What law says about corporal punishment?

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Miti Sanjana
Published : 21:21, Feb 07, 2019 | Updated : 18:50, Feb 12, 2019

Miti SanjanaMany young school goers experience normal separation blues and may be upset and clingy especially when they go to residential schools. This is normal behavior at a very early age. Anxieties usually go away with comfort and time. In a few cases, this anxiety lingers much longer and may turn into a serious concern when they face corporal punishment at school. Some children develop a long-term fear of going to school because of corporal punishment. These children become emotionally insecure and very sensitive. A class IX student of a renowned school in Dhaka committed suicide a few months ago, allegedly due to humiliation by her teachers. Her Parent’s were called by the school where they were insulted in the presence of a school managing committee member. When her parents returned to their residence, they found the girl hanging from a ceiling fan. Her father alleged that his daughter committed suicide as she could not endure insult of her parents in her presence by the teachers.
International and national laws:
United Nation’s Convention on Rights of the Child in the General Comment No. 8 defines ‘corporal’ or ‘physical’ punishment as, “any punishment in which physical force is used and intended to cause some degree of pain or discomfort, however light. Most involve hitting (“smacking”, “slapping”, “spanking”) children, with the hand or with an implement. In addition, there are other non-physical forms of punishment that are also cruel and degrading and thus incompatible with the Convention. These include, for example, punishment which belittles, humiliates, denigrates, scapegoats, threatens, scares or ridicules the child.”
Inhuman and corporal punishments are regarded as violence against children. These are a gross violation of human rights.
Bangladesh as a state party of UN Convention on Children's Rights is under an obligation to protect children from being subjected to any kind of torture, punishment and any cruel or inhuman or humiliating behavior (article 37) and physical violence (article 19). The provisions state that the educational discipline system requires teaching to be consistent with the child's dignity and in harmony with the present convention (Article 28.2).
The Universal Declaration of Human Right in article 5, International Covenant on Civil and Political Rights in article 7 and United Nations Convention against Torture urges that no one shall be subjected to torture or to cruel, inhuman or degrading treatment or punishment.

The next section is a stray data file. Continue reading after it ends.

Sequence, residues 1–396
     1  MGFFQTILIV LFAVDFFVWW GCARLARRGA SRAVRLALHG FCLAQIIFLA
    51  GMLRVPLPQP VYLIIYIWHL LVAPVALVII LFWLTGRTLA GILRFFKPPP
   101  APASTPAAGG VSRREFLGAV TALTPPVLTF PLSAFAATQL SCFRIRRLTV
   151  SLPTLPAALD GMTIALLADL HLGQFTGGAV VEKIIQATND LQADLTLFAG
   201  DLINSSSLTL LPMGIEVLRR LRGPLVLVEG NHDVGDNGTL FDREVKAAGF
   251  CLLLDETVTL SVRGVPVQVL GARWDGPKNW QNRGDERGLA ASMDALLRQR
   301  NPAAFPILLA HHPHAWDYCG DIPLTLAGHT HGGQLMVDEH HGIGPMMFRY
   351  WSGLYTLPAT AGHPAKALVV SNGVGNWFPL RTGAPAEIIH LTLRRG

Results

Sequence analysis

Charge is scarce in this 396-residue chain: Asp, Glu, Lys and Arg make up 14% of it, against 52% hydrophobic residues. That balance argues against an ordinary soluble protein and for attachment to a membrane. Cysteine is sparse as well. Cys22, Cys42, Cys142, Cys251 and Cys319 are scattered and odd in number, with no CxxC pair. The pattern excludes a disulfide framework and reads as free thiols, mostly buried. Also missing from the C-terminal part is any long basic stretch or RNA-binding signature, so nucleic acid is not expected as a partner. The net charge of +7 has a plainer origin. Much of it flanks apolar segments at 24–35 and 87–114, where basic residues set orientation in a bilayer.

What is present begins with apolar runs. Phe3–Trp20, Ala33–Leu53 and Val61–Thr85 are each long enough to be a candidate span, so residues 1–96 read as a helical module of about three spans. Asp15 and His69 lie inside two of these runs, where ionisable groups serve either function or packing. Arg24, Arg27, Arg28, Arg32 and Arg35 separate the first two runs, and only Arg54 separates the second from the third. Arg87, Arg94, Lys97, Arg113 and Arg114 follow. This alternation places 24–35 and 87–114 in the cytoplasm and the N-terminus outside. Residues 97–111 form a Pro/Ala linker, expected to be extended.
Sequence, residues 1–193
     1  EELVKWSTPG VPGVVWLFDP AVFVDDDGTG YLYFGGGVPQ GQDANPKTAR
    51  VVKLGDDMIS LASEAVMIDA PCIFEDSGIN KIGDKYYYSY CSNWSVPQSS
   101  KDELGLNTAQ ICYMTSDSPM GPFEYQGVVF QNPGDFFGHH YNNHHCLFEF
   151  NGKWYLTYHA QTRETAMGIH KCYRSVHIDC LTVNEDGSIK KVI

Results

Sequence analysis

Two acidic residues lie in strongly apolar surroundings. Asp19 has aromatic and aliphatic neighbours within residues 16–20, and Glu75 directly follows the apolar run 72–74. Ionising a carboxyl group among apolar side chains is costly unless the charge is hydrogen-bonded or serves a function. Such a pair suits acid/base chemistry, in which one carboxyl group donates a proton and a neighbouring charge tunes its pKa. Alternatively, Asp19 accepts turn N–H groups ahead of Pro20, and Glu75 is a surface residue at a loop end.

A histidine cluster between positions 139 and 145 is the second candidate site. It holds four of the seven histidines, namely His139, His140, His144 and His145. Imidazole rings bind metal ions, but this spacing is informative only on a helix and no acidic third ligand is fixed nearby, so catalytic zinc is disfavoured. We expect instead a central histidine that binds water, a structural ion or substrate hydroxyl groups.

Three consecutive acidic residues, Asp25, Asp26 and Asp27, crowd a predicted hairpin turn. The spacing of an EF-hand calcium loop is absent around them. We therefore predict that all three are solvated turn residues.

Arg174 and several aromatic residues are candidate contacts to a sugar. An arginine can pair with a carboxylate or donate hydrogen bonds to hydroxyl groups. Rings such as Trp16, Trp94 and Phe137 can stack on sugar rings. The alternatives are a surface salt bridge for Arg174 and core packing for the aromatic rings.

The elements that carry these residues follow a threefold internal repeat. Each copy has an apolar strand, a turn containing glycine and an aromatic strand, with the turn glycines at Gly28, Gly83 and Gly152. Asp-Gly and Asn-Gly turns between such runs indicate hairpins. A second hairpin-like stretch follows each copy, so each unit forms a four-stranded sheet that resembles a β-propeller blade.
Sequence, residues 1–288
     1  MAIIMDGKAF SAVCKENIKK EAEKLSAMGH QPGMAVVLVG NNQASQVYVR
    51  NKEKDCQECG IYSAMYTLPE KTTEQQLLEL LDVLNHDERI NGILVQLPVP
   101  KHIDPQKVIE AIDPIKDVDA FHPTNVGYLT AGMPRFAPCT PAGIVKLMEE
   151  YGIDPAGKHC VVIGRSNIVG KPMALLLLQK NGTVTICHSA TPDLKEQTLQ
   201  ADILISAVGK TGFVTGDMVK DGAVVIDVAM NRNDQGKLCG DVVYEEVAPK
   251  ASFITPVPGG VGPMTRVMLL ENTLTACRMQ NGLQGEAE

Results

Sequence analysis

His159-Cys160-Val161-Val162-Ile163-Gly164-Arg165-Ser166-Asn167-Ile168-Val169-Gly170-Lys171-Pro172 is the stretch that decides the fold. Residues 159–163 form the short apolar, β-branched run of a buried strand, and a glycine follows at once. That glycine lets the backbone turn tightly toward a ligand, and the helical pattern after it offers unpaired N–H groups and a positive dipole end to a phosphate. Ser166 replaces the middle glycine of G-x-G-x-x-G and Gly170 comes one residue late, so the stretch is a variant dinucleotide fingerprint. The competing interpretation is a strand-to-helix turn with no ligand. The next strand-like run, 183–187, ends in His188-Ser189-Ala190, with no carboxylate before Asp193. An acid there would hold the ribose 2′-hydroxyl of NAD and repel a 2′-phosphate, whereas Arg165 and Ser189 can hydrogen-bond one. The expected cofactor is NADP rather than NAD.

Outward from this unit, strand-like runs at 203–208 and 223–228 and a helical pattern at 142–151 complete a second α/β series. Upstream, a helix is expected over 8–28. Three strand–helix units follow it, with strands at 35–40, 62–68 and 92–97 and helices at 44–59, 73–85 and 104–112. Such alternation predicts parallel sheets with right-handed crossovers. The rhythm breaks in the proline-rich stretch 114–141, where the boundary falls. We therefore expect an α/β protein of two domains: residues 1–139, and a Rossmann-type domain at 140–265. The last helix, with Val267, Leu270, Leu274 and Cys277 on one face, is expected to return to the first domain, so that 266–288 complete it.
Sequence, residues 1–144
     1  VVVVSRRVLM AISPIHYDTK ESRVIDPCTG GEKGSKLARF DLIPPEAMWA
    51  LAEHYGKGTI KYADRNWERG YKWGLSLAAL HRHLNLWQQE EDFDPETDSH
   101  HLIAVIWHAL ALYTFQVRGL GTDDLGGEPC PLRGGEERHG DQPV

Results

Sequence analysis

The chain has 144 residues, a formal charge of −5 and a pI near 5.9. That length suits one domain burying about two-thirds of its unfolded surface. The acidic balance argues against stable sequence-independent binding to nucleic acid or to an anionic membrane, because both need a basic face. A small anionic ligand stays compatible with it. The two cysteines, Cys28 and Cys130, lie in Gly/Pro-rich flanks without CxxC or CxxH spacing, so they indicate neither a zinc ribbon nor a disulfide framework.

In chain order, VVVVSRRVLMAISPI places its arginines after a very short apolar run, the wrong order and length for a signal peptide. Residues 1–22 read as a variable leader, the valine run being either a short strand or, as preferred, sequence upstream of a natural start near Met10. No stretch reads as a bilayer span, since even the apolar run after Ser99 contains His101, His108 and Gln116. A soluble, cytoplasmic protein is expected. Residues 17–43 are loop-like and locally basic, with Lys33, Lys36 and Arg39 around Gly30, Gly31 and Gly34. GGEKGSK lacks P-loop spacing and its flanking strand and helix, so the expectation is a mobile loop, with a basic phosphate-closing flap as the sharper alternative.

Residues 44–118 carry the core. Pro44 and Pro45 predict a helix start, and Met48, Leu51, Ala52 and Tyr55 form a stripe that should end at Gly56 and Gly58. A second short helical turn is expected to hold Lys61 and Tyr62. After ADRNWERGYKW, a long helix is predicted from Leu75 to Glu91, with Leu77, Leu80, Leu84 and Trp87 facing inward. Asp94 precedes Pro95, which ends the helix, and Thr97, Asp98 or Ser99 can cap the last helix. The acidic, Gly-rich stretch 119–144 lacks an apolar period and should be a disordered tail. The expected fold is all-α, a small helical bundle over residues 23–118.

As per article 35(5) of Bangladesh's constitution, 'No person shall be subjected to torture or to cruel and inhuman treatment or punishment'. Though, the Children Act 2013 does not have any particular provision prohibiting corporal punishment in schools or madrasas, Section 70 of the Act prohibits any hit, abuse, torture or negligence to children to prevent physical harm. If any person commits the 'offence', he will face up to five years imprisonment or Tk 100,000 fine or both. The Education Ministry in 2010 issued a circular prohibiting all sorts of corporal punishment for students. In 2011 the ministry issued another circular formulating a policy to end corporal punishment.
Corporal punishment affects students’ mental and physical development. It is the duty of a teacher and parents to nurture and assist a child to ensure his/her physical and mental development through proper education and to encourage them to become responsible citizens. Thus corporal punishment is not at all acceptable.
The following directions have been issued to take measures to end corporal punishment in educational institutions:
Corporal punishment is absolutely prohibited in all educational institutions;
Imposing corporal punishment shall be considered to constitute misconduct;
District Education Officers and Upazilla Secondary Education Officers shall take effective measures to end corporal punishment; they shall take measures against persons imposing corporal punishment under the Bangladesh Penal Code 1860, the Children Act, 1974 and, where appropriate through initiating departmental action;
Heads of educational institutions will take necessary steps in their own institutions to end the practice of corporal punishment;
School management committees shall take steps in their own institutions to identify teachers who impose corporal punishment and shall take remedial measures in accordance with the rules;
Inspectors of the concerned offices, departments and boards of education under the Ministry of Education shall monitor the issue of corporal punishment and shall mention such matters in their inspection reports while inspecting educational institutions.
Our previous generation accepted many things that we no longer find relevant and acceptable in today’s world. We also realize that many of these traditions and beliefs were wrong. It is possible to love people and reject their traditions or beliefs. Corporal punishments at educational institutions to discipline children are not allowed by the laws of land. As adults, we frequently get frustrated, tired, and angry. Sometimes we are not patient enough to deal with what kids may be dishing out.
Miti Sanjana is a Barrister-at-law from Honourable Society of Lincoln’s Inn, an Advocate of Supreme Court of Bangladesh, and an activist.

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